The Gypsy Moths
|The Gypsy Moths|
The Gypsy Moths Movie poster
|Directed by||John Frankenheimer|
|Produced by||Hal Landers
Edward Lewis (executive)
|Screenplay by||William Hanley|
|Based on||story by
|Music by||Elmer Bernstein|
|Cinematography||Philip H. Lathrop|
|Editing by||Henry Berman|
|Release dates||28 August 1969|
|Running time||107 mins|
It is the story of three barnstorming skydivers and their effect on a midwestern American town. At the time, the sport of skydiving was in its infancy, yet the movie featured an extreme variation of the sport known as wingsuit flying. Influenced by this movie, wingsuits gained a prominent resurgence in the 21st century. Todd Higley, a prominent skydiver in the Seattle area today, is said to have been the main technical advisor and stunt double for Mr. Lancaster, and today is well known for having invented wingsuit BASE jumping.
The movie also features Gene Hackman (fresh from his role in Bonnie and Clyde). Deborah Kerr was renewing her association with Lancaster from their previous work in From Here to Eternity and Separate Tables. The movie focuses on the differences in values between the town folk and the hard living skydivers and features Deborah Kerr's only nude love scene in her movie career.
The director, John Frankenheimer, expressed his anguish and disappointment at the critical reception of this piece and subsequent narrow release in the United States. The film was widely seen in Australia and the local skydiving fraternity there was quick to seize the opportunity to promote their sport.
Elmer Bernstein composed the score.
A skydiving team called the Gypsy Moths visits a small town in Kansas to put on a show: the leader is Mike Rettig (Lancaster), accompanied by his partners, Joe Browdy (Hackman) and Malcolm Webson (Scott Wilson).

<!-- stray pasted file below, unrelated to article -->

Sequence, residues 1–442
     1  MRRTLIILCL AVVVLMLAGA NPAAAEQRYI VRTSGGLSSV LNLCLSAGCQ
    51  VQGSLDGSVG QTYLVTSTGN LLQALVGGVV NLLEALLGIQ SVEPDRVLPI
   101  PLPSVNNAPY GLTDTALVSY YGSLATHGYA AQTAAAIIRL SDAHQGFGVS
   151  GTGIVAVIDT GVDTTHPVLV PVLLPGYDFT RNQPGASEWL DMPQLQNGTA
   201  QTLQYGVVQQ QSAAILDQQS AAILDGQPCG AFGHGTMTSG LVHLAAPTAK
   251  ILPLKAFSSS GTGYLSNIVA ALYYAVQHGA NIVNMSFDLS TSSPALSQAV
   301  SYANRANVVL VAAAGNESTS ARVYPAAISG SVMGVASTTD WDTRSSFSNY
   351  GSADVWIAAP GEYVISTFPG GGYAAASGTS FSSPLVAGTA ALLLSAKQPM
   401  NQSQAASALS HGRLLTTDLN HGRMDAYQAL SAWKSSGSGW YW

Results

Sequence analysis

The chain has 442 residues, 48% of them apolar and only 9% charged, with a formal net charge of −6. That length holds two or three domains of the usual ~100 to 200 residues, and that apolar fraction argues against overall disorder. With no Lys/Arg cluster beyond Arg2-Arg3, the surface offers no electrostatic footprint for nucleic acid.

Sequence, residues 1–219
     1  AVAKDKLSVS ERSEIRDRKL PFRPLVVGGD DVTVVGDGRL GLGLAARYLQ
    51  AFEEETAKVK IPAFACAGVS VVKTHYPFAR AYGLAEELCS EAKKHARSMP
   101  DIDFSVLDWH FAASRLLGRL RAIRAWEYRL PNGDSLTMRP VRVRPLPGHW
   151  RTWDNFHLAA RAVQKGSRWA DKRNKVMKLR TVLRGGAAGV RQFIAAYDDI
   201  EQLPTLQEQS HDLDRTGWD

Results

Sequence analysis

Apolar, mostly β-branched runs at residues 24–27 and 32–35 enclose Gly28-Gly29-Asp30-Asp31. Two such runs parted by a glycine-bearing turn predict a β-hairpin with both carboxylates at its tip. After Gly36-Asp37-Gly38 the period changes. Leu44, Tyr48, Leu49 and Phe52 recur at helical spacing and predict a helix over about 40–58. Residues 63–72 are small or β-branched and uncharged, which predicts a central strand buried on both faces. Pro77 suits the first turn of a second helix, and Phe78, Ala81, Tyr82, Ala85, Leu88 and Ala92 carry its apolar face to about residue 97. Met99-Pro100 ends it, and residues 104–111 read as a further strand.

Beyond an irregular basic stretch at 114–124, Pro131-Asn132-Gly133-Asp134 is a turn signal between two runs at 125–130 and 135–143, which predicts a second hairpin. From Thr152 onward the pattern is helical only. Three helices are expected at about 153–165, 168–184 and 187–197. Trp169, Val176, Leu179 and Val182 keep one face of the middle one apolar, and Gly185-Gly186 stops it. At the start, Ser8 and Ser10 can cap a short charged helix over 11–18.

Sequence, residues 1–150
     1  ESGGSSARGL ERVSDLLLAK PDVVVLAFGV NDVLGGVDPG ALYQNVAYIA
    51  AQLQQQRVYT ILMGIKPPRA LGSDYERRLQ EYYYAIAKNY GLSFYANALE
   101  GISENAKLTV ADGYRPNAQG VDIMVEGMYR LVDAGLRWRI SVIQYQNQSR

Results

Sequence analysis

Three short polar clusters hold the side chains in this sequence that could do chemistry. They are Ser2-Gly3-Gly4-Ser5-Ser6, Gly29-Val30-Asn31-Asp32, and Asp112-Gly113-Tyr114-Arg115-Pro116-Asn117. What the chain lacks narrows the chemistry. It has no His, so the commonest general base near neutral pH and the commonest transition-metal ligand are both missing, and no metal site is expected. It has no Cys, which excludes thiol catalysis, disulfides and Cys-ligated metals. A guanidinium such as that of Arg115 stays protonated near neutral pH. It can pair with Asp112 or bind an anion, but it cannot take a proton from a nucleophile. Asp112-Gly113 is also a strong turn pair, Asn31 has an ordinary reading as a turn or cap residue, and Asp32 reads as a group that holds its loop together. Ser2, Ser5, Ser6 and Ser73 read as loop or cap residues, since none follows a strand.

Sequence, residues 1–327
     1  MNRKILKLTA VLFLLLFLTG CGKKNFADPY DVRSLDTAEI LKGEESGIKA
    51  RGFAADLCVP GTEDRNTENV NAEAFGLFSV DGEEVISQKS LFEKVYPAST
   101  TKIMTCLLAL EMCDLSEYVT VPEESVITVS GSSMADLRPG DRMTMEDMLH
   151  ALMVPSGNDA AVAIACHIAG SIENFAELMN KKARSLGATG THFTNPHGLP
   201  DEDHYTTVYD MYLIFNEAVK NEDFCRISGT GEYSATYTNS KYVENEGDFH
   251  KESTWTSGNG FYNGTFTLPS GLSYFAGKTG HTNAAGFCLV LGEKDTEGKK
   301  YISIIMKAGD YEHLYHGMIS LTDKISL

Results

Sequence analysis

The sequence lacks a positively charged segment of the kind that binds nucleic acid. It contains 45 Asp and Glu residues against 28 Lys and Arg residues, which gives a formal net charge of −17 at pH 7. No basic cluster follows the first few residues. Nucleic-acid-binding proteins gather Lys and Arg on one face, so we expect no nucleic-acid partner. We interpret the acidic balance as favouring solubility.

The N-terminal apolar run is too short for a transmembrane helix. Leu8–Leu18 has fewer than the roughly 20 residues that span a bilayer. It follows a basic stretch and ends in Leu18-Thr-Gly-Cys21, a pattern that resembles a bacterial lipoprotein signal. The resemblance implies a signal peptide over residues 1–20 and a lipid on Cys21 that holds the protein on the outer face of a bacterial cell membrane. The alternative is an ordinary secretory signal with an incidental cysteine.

The skydivers stay at the home of Malcolm's uncle and aunt, John and Elizabeth Brandon (William Windom, Deborah Kerr). The distractions begin almost immediately. Mike becomes romantically involved with Elizabeth, whose husband overhears her making love with Mike in their home. Malcolm falls for local student Annie Burke (Bonnie Bedelia), a boarder in the Brandon house. Joe takes an interest in a topless dancer.
Mike eventually asks Elizabeth to leave town with him, but she declines. During the next skydiving exhibition, Mike intends to do a spectacular "cape jump" stunt but fails to pull the ripcord, and hits the ground at over 200 miles per hour. Although nobody wants to discuss it, there's an underlying suspicion that his death was not an accident, and he simply decided not to open his chute. That night, Annie consoles Malcolm, and they make love. Before the team leaves for good, they have to bury Mike, and Malcolm does the same stunt that killed Mike to pay for the funeral. He leaves by train that night, without attending the funeral, and we're left to wonder if he's heading down the same aimless path as Mike.
- Burt Lancaster as Mike Rettig
- Deborah Kerr as Elizabeth Brandon
- Gene Hackman as Joe Browdy
- Scott Wilson as Malcolm Webson
- William Windom as John Brandon
- Bonnie Bedelia as Annie Burke
- Sheree North as the Waitress
The remarkable aerial sequences were filmed at Benton, Kansas, and a Howard DGA-15 was used as the jump ship. Hackman (as Joe Browdy) has a great line in discussing the plane; after correctly decoding the "DGA" designation, he opines that "You're much better off jumping out of it, than taking a chance on landing it." This line was probably unscripted, but attributable to the Howard's pilot, David Llorente.
Carl Boenish did the aerial photography.
The film ran in limited release in the U.S. and saw few theaters taking it in for extended showings. Soon as it appeared, it disappeared, not getting an audience and it did not run until it came to TV years later. Director John Frankenheimer was depressed. He felt the film did not get enough attention as his thrillers, like Seconds and The Manchurian Candidate. Despite this, he would call this his favorite film.
- Deborah Kerr, Braun, Eric, St. Martin's Press, ISBN 0-312-18895-1, 1978
- p.35 Armstrong, Stephen B. John Frankenheimer: Interviews, Essays, and Profiles Rowman & Littlefield, 2013
- The Gypsy Moths at the Internet Movie Database
- The Gypsy Moths at the TCM Movie Database
- The Gypsy Moths at allmovie
- Skydiving sequence from The Gypsy Moths on YouTube
- Skydivers demonstrating filming techniques on YouTube